Sept. 10, 1943, in The Star: One morning next week at the Birmingham Modification Plant a B-24 Liberator Bomber will be officially titled “The Calhoun Avenger” as six citizens of Calhoun County — to be named tomorrow by the local War Finance Committee — stand by to watch the formal ceremony. The right to name the bomber and to send residents to represent the county was won when Calhoun County, the third to do so in the state, amassed $300,000, which is the cost of such a bomber, in the early stages of a War Bond sale.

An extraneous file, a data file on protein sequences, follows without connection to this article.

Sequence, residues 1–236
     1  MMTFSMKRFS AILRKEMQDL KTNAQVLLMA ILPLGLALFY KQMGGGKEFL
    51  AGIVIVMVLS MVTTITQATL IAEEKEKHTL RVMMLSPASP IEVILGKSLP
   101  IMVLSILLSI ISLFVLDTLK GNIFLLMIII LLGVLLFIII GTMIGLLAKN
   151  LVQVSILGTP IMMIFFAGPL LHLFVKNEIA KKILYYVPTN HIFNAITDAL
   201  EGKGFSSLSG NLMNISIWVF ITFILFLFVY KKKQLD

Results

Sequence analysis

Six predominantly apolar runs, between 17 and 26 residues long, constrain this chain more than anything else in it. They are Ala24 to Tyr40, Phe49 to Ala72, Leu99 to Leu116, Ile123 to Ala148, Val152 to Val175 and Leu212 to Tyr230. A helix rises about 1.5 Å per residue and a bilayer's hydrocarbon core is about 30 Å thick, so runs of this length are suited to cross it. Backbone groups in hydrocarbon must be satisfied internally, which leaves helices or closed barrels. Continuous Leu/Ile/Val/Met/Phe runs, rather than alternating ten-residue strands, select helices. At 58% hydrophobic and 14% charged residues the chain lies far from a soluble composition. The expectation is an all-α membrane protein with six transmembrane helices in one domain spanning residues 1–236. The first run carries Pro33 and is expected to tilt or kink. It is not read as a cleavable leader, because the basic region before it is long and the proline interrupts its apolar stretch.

Sept. 10, 1993, in The Star: A 4-mile road to Cheaha Mountain is making for bumpy relations between a few Cleburne County residents and state park officials. Civilian Conservation Corps Road, which serves as the boundary between the Talladega and Shoal Creek ranger jurisdictions of Talladega National Forest, has been closed by the forest service for environmental reasons. Needless to say, residents who have used the road for years don’t like it. “It’s an historical road that has been open to the public for 50 years,” said Woodrow Brickhouse, who owns 40 acres of property near the road. “It was built by our forefathers, and it was the first one ever built to Cheaha Mountain.”

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